The United States has put its intelligence community to work on behalf of Ukraine. The information it provides may prove more lethal than any of the weapons that NATO is sending to fight against Russia.
Two stories broke yesterday that confirms the profound role of U.S. intelligence support for the Ukrainian war effort. The first story revealed that the United States has been supplying some of the intelligence that has enabled the Ukrainian armed forces to target and destroy Russian command posts, coincidentally or not killing an unprecedented number of Russian general officers. The second story gave truth to rumors that the United States had been involved in the sinking of the Russian Black Sea Fleet flagship Moskva, having confirmed to Ukrainian officials the ship’s location before the missile strike that inflicted fatal damage on the cruiser. The Biden administration has pushed back a bit on these claims but officials in the intelligence community and in the administration are clearly happy to talk to reporters.
The reports we have thus far are vague about how U.S.-supplied data fits into the information economy of the Ukrainian armed forces. For maximum effectiveness, data would be rapidly defused to units operating along the frontline who can use it before it becomes obsolete. In war, being right at the wrong time is the same as being wrong. We do not know at what level US entities communicate information to their counterparts on the Ukrainian side. Still, especially concerning the killing of Russian general officers, who move about very rapidly and are hard to fix, it doesn’t seem that there are too many buffers between the identification of opportunity and the execution of an attack.
The United States has, over the past several decades, constructed an enormously impressive array of systems designed to sift information out of complicated spaces and turn that information into actionable intelligence. The military origins of the current system existed as far back as the 1970s (with antecedents even to World War I). Still, the system was honed in the Wars on Terror, where intelligence assets were needed to track the movements and activities of small units and even individuals in both wide-open spaces and complicated urban environments. The system collects information from satellites, signals intercepts, the electromagnetic spectrum, cyberspace, drones, and other aircraft when they are available. This system represents one-half of what has become known as the reconnaissance strike complex, a system of systems that allows a see-er to deliver targets that a shooter will then kill. This is the most modern incarnation of the “modern system” that has governed ground combat since the latter days of the First World War.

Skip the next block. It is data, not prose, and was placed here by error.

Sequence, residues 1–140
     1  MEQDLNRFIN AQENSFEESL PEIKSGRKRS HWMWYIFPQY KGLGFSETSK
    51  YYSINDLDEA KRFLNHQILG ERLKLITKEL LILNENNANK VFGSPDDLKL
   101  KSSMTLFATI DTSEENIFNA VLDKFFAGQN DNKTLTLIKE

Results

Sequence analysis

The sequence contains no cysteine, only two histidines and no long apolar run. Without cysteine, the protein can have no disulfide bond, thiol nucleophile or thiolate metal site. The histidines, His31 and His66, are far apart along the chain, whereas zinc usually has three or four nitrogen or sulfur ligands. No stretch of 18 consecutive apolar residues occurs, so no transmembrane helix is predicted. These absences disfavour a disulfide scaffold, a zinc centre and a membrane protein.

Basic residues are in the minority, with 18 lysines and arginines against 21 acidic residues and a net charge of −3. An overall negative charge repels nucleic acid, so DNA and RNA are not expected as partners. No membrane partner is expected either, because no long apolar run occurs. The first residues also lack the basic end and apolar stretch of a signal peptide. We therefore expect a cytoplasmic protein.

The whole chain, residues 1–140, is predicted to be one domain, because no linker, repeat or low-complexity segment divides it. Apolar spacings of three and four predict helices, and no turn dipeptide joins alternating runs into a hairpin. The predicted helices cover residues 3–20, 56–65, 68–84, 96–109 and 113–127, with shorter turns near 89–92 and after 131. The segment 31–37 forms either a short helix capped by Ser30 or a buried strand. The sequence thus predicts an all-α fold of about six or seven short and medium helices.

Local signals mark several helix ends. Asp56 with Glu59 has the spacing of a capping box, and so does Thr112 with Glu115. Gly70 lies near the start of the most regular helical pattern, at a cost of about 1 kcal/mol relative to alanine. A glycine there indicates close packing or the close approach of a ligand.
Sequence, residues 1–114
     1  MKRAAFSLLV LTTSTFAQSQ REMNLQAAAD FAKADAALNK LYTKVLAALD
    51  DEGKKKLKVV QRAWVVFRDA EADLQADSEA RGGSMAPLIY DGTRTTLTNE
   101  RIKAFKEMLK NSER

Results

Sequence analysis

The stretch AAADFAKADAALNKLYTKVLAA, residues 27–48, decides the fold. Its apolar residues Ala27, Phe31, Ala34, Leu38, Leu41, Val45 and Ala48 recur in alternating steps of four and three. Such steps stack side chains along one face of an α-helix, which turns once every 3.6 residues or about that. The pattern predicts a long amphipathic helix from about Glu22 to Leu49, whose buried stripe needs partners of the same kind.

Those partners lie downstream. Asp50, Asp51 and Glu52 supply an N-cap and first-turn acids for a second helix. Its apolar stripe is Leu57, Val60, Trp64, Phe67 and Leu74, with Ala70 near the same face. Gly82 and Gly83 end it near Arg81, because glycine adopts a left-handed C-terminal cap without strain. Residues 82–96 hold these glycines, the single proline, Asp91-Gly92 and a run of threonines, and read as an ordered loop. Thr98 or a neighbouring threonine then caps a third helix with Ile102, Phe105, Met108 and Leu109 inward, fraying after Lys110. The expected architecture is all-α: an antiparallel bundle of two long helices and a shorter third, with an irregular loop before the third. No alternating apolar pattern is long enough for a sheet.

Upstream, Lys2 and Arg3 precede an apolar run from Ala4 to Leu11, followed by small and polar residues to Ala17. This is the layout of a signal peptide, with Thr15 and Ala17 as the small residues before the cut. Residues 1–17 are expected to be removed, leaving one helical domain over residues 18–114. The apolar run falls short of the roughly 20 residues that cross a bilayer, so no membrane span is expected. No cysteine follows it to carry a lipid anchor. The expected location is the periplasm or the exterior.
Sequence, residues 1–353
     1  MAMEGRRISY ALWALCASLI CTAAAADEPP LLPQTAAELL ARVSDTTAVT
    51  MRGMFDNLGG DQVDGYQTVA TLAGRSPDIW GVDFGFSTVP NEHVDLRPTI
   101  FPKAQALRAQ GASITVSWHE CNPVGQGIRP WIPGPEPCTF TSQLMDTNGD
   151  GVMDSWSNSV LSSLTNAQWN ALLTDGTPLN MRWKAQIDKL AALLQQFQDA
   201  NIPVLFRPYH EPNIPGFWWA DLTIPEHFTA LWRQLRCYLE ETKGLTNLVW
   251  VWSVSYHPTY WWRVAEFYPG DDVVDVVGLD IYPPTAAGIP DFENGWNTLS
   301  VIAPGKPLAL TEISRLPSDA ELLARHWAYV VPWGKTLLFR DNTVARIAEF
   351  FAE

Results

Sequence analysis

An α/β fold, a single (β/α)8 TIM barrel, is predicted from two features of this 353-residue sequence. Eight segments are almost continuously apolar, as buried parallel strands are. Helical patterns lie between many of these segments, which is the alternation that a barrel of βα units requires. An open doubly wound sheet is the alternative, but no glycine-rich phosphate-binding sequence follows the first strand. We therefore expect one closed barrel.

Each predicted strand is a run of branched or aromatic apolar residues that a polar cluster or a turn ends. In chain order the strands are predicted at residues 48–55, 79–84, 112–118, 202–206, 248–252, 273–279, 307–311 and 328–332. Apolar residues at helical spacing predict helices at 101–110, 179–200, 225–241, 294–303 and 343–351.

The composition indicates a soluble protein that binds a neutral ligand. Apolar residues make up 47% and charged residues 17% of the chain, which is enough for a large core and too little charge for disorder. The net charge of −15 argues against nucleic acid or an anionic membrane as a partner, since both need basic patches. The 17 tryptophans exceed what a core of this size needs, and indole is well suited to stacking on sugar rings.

We know now that the American system of surveillance is superior to the Russian system, and that the Biden administration has substantially put this system to work in helping Ukrainians kill Russians. The importance of the provision of information in high-intensity war literally cannot be overemphasized; the United States can try to find the sinews of Russian military power and help the Ukrainians sever them. There is undoubtedly a synergy between the surveillance system and the weapons that the United States and others have been transferring to Ukraine. Intelligence can identify weakly protected columns of armored vehicles that can be attacked and destroyed with Javelin missiles.
Soon, long-range Ukrainian artillery pieces delivered by the United States will be able to strike critical Russian military targets miles behind the front. Information gleaned from the United States can be confirmed and integrated with video footage supplied by TB2 drones, enabling more lethal strikes on Russian forces.
U.S. assistance may get even more lethal as time goes by. As the weather over Ukraine clears, American satellites may be able to provide even more information about Russian troop movements and deployments. But of course, there are dangers in all of this. It is quite surprising that the US government has owned up to even part of its role in killing Russian generals, much less the destruction of the flagship of the Black Sea Fleet. Supplying intelligence to Ukrainian troops in the field does not mean the United States is at war with Russia in any kind of legal sense of the term, but it does mean that the United States is deeply implicated in the conflict in ways that are arguably more important than the transfer of vast amounts of military equipment to Ukraine. The United States is essentially telling Russian soldiers “we see you, and we can kill you.” It remains to be seen what the Russians will say in response.
Now a 1945 Contributing Editor, Dr. Robert Farley is a Senior Lecturer at the Patterson School at the University of Kentucky. Dr. Farley is the author of Grounded: The Case for Abolishing the United States Air Force (University Press of Kentucky, 2014), the Battleship Book (Wildside, 2016), and Patents for Power: Intellectual Property Law and the Diffusion of Military Technology (University of Chicago, 2020).